I needed to run a cron job that would allow me to split up my database queries and lessen the load on my host’s processor. My MySQL queries were taking 2 – 3 minutes to run.
Step 1: Make sure the column that your query is based on is indexed. An index is used to quickly find rows with specific column values. Without an index, MySQL must begin with the first row and then read through the entire table to find the relevant rows. The larger the table, the more this costs and the more processor your query consumes. If you’re running a large query based on a date (delete from your_table where DATE > ….), you want to index the date field. You can easily create an index in the phpMyAdmin interface (by clicking the lightning bolt icon for the specific column name) or if it’s a new field you’re adding, you can run a short MySQL command: CREATE INDEX new_index ON your_table(your_data)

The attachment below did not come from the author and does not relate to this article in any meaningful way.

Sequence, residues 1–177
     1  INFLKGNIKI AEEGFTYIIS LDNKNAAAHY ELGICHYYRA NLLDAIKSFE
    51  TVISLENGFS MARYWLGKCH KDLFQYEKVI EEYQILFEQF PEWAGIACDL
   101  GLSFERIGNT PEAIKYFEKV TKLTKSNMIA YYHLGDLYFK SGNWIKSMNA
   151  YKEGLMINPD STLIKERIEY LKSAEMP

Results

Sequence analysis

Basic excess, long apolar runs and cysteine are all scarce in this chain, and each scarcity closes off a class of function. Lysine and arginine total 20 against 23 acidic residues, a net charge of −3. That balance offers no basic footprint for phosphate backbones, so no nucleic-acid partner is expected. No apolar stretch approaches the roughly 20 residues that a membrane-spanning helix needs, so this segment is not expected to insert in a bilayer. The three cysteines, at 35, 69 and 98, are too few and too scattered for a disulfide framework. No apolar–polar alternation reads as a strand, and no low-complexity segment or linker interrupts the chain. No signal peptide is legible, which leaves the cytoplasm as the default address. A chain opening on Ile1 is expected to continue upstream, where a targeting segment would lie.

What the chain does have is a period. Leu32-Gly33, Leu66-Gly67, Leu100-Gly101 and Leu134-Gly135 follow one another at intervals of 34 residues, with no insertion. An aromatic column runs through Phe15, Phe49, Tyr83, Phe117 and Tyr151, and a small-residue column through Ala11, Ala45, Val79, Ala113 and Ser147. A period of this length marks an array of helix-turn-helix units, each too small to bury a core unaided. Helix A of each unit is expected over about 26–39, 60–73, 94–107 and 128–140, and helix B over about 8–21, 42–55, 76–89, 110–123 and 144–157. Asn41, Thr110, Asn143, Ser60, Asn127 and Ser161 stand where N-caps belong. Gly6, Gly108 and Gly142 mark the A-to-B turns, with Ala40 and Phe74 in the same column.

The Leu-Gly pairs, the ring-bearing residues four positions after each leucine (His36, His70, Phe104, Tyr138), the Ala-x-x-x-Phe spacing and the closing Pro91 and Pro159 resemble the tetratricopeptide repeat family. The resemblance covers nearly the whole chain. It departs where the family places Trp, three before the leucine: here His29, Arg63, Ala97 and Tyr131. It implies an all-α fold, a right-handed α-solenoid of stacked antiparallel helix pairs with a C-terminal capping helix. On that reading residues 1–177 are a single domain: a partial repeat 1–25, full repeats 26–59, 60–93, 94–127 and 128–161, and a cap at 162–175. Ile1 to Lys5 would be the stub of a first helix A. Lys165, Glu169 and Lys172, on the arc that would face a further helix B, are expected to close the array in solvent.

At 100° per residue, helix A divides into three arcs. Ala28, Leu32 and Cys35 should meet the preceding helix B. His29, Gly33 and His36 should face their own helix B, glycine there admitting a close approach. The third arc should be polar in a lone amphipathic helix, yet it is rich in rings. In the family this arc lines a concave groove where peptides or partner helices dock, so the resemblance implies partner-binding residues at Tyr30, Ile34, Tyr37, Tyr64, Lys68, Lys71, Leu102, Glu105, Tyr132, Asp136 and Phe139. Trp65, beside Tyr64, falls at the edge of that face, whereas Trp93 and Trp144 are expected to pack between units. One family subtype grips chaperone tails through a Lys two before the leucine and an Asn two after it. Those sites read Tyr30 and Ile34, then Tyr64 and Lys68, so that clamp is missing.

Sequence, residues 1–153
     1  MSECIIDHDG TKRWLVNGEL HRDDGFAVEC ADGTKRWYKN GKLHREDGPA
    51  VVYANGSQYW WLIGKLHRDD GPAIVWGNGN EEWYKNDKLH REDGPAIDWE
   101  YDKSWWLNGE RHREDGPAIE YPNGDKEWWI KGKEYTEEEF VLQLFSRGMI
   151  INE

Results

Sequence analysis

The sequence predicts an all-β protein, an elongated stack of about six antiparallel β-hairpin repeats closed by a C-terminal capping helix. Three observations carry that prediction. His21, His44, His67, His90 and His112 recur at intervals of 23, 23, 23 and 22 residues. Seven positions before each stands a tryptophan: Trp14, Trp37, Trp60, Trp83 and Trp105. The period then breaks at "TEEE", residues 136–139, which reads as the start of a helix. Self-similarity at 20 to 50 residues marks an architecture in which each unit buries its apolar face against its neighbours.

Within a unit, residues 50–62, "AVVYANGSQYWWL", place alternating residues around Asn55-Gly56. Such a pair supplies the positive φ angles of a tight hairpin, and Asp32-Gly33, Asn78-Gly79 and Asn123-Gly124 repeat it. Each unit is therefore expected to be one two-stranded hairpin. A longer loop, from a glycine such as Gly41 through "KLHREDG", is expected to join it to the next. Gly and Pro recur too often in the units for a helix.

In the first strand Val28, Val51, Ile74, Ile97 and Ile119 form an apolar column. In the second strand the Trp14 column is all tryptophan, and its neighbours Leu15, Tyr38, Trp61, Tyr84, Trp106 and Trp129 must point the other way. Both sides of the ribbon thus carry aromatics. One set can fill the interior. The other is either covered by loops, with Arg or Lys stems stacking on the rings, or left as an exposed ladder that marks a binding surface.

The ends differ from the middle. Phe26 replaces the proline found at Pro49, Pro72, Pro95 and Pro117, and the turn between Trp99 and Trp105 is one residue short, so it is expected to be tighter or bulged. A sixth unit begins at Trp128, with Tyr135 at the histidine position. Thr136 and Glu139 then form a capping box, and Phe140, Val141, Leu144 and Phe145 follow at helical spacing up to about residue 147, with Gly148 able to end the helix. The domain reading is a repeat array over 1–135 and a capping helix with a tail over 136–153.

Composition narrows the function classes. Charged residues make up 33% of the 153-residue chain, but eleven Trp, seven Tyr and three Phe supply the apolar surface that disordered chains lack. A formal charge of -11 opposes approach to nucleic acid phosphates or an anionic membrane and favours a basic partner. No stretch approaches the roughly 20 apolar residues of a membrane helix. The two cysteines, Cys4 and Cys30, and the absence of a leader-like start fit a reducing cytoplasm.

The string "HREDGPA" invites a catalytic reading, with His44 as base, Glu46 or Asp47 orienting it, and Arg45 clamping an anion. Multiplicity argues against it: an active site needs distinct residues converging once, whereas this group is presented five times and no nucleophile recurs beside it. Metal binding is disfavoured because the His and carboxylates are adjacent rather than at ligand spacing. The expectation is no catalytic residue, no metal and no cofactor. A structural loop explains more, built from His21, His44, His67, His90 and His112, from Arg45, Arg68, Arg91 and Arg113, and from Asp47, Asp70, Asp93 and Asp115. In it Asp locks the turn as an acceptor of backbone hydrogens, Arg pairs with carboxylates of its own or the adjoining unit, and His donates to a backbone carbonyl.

Step 2: Here’s where the fun begins. I decided to divide up my long list of database inserts and deletes and break them up into 7 days. I then created a new file with the following code that I created, which I called MasterCron.php:
That simply calls a different php page (cron0.php, cron1.php, etc..) based on the current day of the week, with a unique set of database instructions for that day. Now you simply setup a new cron job calling MasterCron.php and let it do all the work.
The obvious alternative is to create 7 different cron jobs but if you have even 100 websites, you will likely rather see only 100 cron jobs in your list than 700. This just makes life a little easier.